LC - Lisa Corduff Rebrand 2023-06

CwL Ep 158 – The story of an extreme response

LC - Lisa Corduff Rebrand 2023-19

How is Lisa’s life ongoingly affected from the years of living with an alcoholic? 

Recently she had an encounter with a man that revealed that even though she was never abused physically, verbally, emotionally by her husband, there was underlying damage done over the years.

This is the story of an extreme response to a very ‘normal’ situation and how she loves herself through it.

Not long now until the next round of What’s the Story? kicks off. Would you like to build connection and trust  with an audience? Clients? Colleagues? Students? Would the ability to tell more stories, including your personal story, benefit your work? If so – now is the time to jump in! All the details are here.

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Prefer to read? Access the transcript here.

My husband was an alcoholic, but he was never abusive, never violent, never reckless, never stayed in bed all day or didn’t come home at night. He was not what I thought an addict was, and so it took a long time to figure out that that’s actually what was going on. He knew before I knew, but even he found it really hard to admit. In fact, it was part of the reason why he never fully recovered because it’s a really hard thing to own that you can literally never, ever touch alcohol again anyway, because life was, it was hard and there were definitely moments that did not feel good at all.

I didn’t feel like it had damaged me in ways that I know these well. I have heard lots of stories over the years, and I know that you don’t have to feel physical abuse in order to be damaged by something and have it really change internally how you respond in situations that if you hadn’t experienced what you had would be considered normal. And I had one of those recently and it was a reminder to me that I guess being with him for all of those years, I’m still going to have the outcome of that wrong word revealed to me over time. So when he died, I was actually with someone new. I was in a new relationship and he obviously fully understood what was going on and a sensitivity that I had around alcohol. I mean, I hated it. To me, alcohol was the poison that was taking my husband away, and so I wasn’t really drinking very much. I felt no desire to, and he fully respected all the way through our relationship that if he’d been out for a few drinks, I wouldn’t really want to be around that.

There were times we would go out together and have a few drinks and that was always fine, but being surprised by something or being even kissing after a few beers, I had a physical response to that, it would shut me down and I’ve done lots of therapy and I’ve done lots of work. He was amazingly patient and understanding. Never ever did I feel uncomfortable. He wasn’t a huge drinker anyway, to be honest. And so I’ve spent the last, well, however many months, single since maybe this time last year, and I, so I haven’t been in relationship around this until recently and getting back on the scene and there was a situation that I was in where I realised, oh God, I’ve still got so much stuff around this. So this is a person who I’d seen a few times and we’re having a really nice time.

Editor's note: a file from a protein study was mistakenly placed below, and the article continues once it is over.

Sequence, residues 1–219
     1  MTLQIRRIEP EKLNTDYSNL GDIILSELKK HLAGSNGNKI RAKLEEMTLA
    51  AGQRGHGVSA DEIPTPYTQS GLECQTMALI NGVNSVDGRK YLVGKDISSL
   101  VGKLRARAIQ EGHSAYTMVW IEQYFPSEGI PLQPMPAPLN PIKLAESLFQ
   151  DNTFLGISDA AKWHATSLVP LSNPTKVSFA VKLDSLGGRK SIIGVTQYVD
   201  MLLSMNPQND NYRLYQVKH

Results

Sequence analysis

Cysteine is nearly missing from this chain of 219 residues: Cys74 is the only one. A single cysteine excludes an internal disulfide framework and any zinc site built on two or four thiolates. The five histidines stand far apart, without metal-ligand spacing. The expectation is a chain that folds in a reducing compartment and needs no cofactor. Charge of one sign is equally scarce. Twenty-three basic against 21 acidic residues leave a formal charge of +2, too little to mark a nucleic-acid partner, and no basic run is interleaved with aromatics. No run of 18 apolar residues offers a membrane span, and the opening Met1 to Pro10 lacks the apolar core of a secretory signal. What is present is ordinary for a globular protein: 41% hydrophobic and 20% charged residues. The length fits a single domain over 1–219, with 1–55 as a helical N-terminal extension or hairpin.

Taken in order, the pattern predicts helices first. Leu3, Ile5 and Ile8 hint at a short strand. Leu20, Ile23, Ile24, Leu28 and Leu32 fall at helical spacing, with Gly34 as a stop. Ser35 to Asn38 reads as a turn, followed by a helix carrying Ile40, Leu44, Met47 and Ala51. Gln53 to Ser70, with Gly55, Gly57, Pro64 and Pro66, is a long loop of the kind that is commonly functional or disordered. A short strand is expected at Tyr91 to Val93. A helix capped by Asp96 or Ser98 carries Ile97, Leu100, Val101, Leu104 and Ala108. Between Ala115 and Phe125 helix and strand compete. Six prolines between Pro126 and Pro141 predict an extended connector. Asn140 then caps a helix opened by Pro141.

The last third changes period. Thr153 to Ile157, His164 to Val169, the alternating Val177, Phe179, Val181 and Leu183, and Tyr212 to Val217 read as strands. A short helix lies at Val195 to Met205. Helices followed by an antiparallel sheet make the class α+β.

He fully understands my situation, heard some stories and we’re in that getting to know you phase and I was in his local area because I’d been out with a friend. I’d dropped her home and he lives quite close, and so I called him to just say, Hey, I’m in your area. Maybe I swing past. And as soon as I heard him talk, I realised he’d been drinking, which I knew he was. He gets one night a week without his children guaranteed, and it was nine 30, so it wasn’t even dramatic. It wasn’t much at all, but there was just a change in the tone of his voice and I didn’t like it, and I started, my palms got sweaty and I felt sick in my tummy and I said, oh, I am not actually going to be able to. He goes, I think I can actually see your car.

You are right there. I’m just walking back now. Oh yeah, keep driving, just keep driving. And I thought, wow, I can’t get out of this. I have to see him. And I knew I was having a very excessive response to what was a very normal situation, and so I picked him up and I just said, I’m so sorry. I am not feeling okay, and I’m just going to drop you at home. He’s like, okay, tell me why. He wasn’t even, I mean when I say it wasn’t an extreme situation, it really was an extreme. My reaction was, and I knew it was coming from somewhere, and I knew I needed to just be gentle with myself and just explain also, and trying to explain these things in real time when it’s happening is hard, and I didn’t want to seem irrational, but I was just honest.